Vodafone today announced it’ll have 5G running in New Zealand in December, starting in Auckland, Wellington, Christchurch and Queenstown.
5G is the next generation of mobile broadband that will eventually replace, or at least augment, consumers' 4G connection - providing faster, better connection.
The tech company held live 5G holographic demonstrations in Auckland as part of the announcement today.
Chief executive Jason Paris made the announcement to coincide with the sale of Vodafone New Zealand to Brookfield and Infratil. It also follows recent rollouts of 5G in the UK, Italy, Spain and Germany.
"I'm so thrilled to announce we'll be bringing genuine 5G to New Zealanders later this year, building on our proud heritage of being the first to deliver the best technology from around the world to Kiwis, including 2G, 3G and 4G," Mr Paris said.
"5G is so much more than the successor to 4G," he added. "It's our most powerful tool yet."
Mr Paris said the decision to roll out the network was to help ensure New Zealand businesses could maintain competitiveness in an increasingly more connected world.
The network would represent a transformational shift that will drive digital revolution, making "New Zealander's lives and businesses better, smarter and more productive".
"5G is starting to shape the future in every sector," Mr Paris said. "In health with connected ambulances and remote surgery, in manufacturing with automated factories and in utilities with smart waste management or intelligent electricity networks."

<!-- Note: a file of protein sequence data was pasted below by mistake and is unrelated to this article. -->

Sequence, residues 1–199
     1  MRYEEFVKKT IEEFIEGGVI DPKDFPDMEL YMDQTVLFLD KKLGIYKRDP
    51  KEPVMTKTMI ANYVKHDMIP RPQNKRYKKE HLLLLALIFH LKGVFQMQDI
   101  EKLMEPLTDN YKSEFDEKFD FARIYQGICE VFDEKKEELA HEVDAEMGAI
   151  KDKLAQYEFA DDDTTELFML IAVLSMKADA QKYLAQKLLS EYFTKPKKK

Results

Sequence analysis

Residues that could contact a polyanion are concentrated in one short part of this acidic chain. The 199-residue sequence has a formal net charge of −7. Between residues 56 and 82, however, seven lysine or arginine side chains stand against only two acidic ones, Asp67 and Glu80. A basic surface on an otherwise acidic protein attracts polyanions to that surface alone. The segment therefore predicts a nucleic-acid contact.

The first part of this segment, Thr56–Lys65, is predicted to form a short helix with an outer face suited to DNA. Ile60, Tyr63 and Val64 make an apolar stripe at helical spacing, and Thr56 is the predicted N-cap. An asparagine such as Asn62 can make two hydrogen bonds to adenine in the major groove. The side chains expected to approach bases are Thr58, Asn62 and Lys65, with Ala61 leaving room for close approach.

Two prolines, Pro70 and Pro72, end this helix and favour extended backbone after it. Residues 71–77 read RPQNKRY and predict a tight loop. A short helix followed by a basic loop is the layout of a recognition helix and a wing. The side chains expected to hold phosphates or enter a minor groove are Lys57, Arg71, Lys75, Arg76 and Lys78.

Vodafone technology director Tony Baird said, "for Vodafone New Zealand customers, 5G is not a someday technology. This is their future now."
He also said there was a lot more to come from the team to help "unlock innovations that will enable all New Zealanders to live better, safer, healthier and more connected lives".
Vodafone is partnering with New Zealand Police, BNZ, Auckland Westpac Rescue Helicopter and Waste Management, who have agreed to work with existing partners Nokia, Microsoft and IBM.
Vodafone trumped competitor Spark, which announced one year ago that it would rollout 5G mobile and wireless broadband to customers by 2020.
Most wireless data is currently delivered via the 4G network, but Spark said that once 5G and suitable radio spectrums are available they will switch from expanded 4G to implementing 5G.
More data can be delivered for less money over the 5G network, and speeds as high as 1000 times the current 4G rates will be available for similar costs, Spark officials said at the time.
However, the telco giant ran into challenges when the Government Communications Security Bureau (GCSB) declined Spark's proposal to use Huawei 5G equipment in its network.
A release from the GCSB in November said the decision was made after "a significant network security risk was identified" with the Chinese-owned telco.